PORTLAND, Ore. — Bell Labs has been reborn, once again aiming to solve the industry's biggest challenges with focused basic research associated with application development. It's celebrating this turnaround on the anniversary of its discovery of the cosmic background radiation from the Big Bang while pioneering satellite communications applications.
To cement its commitment, Bell Labs is also announcing a new annual Bell Labs Prize for the three most forward-looking ideas regarding how the technology landscape will look 10 years in the future.
(Source: Bell Labs)
Bell Labs pioneered the electronics and communications industries, earning seven Nobel Prizes. Memorable Bell Labs inventions included the antenna that discovered cosmic background radiation from the Big Bang, the transistor, the laser, the charge-coupled device (CCD), information theory, the UNIX operating system, and the C and C++ programming languages. In 1996 AT&T spun-off Bell Labs into a new company that also took over its manufacturing business, called Lucent Technologies. Ten years later Alcatel Research and Innovation merged with Lucent, resulting in the present-day Alcatel-Lucent Bell Laboratories.
Bell Labs took on a more applications-oriented charter, and by 2008 only four basic research scientists in physics were reported left at its seminal Murray Hill, N.J., lab. To boot, that year Alcatel-Lucent Bell Labs announced it was pulling out of material science, device physics, and semiconductor research, to focus on its core businesses of high-speed optics, networking, wireless, nanotechnology, and software.
(Source: Bell Labs)
“People like to say that Bell Labs has somehow changed its mission or lost its luster in some ways,” Marcus Weldon, the current president of Bell Labs who took over in November of 2013 and who remains CTO of Alcatel-Lucent, told EE Times in an interview. “But in fact, the thing to realize is that Bell Labs has always been at its greatest when it solves big industry challenges — of which the Big Bang is a classic example.”
There are many examples that prove Weldon right. In fact, since the 1930s Bell Labs has been collecting Nobel prizes in solving big industry challenges. For instance, in 1965 AT&T Bell Labs researchers Arno Penzias and Robert Wilson performed the work that resulted in a 1978 Nobel Prize for detecting the cosmic microwave background radiation resulting from the Big Bang.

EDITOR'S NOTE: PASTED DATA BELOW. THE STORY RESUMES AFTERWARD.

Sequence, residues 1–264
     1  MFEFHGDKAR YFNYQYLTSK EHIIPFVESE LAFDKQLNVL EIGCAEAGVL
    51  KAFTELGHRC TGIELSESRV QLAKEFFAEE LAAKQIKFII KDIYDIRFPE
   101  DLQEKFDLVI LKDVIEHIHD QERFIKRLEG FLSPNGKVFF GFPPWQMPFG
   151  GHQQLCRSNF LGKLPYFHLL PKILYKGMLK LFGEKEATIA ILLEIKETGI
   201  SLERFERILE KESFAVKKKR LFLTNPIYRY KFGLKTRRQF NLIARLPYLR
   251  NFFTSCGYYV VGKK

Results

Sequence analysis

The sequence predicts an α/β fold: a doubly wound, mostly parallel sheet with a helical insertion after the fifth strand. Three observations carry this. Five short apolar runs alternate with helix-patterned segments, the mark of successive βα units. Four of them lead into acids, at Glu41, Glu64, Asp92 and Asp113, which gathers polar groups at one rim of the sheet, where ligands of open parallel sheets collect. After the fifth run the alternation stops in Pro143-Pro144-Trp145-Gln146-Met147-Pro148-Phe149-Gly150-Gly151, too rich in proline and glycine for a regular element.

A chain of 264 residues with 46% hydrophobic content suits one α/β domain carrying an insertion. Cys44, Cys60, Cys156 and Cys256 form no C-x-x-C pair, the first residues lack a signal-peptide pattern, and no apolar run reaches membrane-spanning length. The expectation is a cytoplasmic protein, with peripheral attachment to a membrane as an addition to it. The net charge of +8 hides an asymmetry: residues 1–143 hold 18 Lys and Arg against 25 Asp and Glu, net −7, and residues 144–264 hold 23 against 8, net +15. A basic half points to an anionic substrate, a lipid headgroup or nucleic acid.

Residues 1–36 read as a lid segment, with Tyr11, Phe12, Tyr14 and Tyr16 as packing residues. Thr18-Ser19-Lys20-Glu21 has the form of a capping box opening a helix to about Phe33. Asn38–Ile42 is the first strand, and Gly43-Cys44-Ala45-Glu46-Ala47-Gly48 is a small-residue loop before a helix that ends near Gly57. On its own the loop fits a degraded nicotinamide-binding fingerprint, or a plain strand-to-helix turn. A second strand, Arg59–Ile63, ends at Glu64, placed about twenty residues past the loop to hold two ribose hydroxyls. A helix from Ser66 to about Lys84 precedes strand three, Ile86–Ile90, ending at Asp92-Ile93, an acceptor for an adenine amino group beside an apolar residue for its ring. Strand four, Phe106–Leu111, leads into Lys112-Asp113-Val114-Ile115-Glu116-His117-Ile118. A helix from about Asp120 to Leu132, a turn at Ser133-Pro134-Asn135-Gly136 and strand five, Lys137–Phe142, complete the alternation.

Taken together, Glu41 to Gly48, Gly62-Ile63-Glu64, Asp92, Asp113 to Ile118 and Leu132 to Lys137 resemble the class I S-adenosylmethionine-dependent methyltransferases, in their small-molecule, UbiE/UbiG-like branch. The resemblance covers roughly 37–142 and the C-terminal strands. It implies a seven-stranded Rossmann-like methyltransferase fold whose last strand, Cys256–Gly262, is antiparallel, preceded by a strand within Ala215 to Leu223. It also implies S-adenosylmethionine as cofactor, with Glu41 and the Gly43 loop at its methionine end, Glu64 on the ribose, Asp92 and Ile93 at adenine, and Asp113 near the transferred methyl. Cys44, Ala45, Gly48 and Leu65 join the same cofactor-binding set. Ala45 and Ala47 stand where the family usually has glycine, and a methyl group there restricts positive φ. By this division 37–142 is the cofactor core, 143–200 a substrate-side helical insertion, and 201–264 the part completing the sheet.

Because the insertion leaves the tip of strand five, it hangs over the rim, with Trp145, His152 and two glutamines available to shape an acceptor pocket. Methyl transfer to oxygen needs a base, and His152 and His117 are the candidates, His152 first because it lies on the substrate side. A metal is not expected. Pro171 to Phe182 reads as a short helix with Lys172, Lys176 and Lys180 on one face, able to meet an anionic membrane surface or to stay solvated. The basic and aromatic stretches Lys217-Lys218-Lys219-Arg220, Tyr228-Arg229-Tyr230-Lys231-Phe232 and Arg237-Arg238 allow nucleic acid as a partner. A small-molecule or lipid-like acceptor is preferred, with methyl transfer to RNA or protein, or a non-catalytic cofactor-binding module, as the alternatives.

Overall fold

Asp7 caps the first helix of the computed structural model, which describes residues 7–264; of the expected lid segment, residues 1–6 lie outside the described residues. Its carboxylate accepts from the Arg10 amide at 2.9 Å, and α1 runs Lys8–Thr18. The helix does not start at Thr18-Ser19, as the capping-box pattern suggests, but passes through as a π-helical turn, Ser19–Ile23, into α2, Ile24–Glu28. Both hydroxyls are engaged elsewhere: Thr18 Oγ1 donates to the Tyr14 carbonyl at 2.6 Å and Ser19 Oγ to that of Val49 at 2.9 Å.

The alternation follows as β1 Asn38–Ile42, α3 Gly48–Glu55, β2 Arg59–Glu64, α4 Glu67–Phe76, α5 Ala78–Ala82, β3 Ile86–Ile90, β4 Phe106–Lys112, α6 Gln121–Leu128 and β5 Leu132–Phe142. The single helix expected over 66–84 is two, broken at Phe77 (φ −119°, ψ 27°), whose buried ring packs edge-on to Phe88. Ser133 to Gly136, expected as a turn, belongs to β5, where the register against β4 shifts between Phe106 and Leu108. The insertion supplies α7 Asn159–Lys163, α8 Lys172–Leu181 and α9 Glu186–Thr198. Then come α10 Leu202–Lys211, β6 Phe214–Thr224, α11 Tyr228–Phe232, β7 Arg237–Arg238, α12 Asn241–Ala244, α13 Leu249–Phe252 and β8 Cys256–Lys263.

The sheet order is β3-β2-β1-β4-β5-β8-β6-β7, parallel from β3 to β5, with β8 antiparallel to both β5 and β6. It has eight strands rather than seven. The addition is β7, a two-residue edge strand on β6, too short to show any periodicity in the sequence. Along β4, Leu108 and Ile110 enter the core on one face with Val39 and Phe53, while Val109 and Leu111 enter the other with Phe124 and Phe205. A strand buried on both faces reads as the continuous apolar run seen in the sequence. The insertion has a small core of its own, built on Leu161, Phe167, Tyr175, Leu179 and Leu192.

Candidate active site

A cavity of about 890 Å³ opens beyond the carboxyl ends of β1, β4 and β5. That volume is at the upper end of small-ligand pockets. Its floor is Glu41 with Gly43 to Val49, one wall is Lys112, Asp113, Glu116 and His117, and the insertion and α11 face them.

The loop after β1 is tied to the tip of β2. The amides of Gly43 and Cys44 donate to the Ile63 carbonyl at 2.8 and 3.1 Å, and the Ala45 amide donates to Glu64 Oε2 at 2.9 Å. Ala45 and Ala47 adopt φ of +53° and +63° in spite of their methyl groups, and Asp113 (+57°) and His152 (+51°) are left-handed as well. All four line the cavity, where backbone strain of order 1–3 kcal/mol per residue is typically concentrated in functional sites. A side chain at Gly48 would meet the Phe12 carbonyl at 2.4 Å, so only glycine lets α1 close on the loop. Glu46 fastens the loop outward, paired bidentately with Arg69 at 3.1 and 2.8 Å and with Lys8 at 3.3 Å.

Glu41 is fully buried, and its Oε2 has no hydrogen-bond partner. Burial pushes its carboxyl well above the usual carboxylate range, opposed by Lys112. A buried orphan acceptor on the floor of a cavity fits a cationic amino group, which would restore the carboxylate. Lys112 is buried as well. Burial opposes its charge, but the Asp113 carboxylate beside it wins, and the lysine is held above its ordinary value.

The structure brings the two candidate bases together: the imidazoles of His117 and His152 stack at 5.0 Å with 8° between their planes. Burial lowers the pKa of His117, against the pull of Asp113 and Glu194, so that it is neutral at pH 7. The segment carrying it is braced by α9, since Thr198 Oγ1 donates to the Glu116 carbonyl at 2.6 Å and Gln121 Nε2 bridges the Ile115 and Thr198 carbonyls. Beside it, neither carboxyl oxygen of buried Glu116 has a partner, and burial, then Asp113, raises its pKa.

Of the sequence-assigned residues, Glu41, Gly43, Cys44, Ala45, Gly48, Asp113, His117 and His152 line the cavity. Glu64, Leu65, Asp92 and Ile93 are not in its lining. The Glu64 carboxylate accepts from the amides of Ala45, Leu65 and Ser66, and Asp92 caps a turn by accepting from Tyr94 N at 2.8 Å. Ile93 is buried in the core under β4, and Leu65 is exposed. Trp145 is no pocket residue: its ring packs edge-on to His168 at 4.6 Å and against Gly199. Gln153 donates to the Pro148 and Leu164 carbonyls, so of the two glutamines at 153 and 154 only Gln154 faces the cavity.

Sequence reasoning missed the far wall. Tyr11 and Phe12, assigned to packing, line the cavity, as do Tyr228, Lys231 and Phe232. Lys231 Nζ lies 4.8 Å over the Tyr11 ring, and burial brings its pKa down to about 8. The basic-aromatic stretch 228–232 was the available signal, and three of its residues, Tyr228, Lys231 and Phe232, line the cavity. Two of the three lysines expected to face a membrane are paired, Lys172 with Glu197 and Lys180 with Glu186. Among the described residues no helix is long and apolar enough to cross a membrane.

But in fact, Penzias and Wilson were actually trying to solve a big industry challenge in communications. Fiber optics had not been invented yet, and radio channels were not able to keep up with the demand for more communications capacity. Consequently, they were investigating the possibility of satellite links as a way of boosting communications capacity, under NASA's passive Project Echo balloon satellite program, and in the process they detected the first and still most compelling evidence of the Big Bang — cosmic microwave background radiation.
Wilson told EE Times:
The discovery of cosmic microwave background radiation is one of those serendipitous discoveries which occur in science more often than many people think. Using a Bell Labs antenna, which had been built for satellite communications, but had properties which uniquely suited it to some radio astronomy measurements, Arno [Penzias] and I set out to look for a halo of radio emission around our Milky Way galaxy. We were completely surprised to find instead that the universe is filled with radio waves originating from the Big Bang. [As later verified by astrophysicists Robert Dicke, Jim Peebles, and David Wilkinson at Princeton University.]
Fortunately, the Bell Labs culture allowed and indeed encouraged us to seek answers to these things we couldn't explain. I am amazed and pleased by how much the science of cosmology has changed and expanded since 1965. This has been fueled in no small part by the abundant information about the early universe which has been found deep in the cosmic microwave background radiation.
Today, on the anniversary of discovering the Big Bang, and in the shadow of the original Bell Labs horn antenna in Holmdel, N.J., which Penzias and Wilson used to make their discovery, Bell Labs is hosting a Big Bang Anniversary celebration. But more importantly, Bell Labs brass is announcing a return to basic research and a reemphasis on Bell Labs' original primary directive — that is, solving the world's biggest industry challenges.
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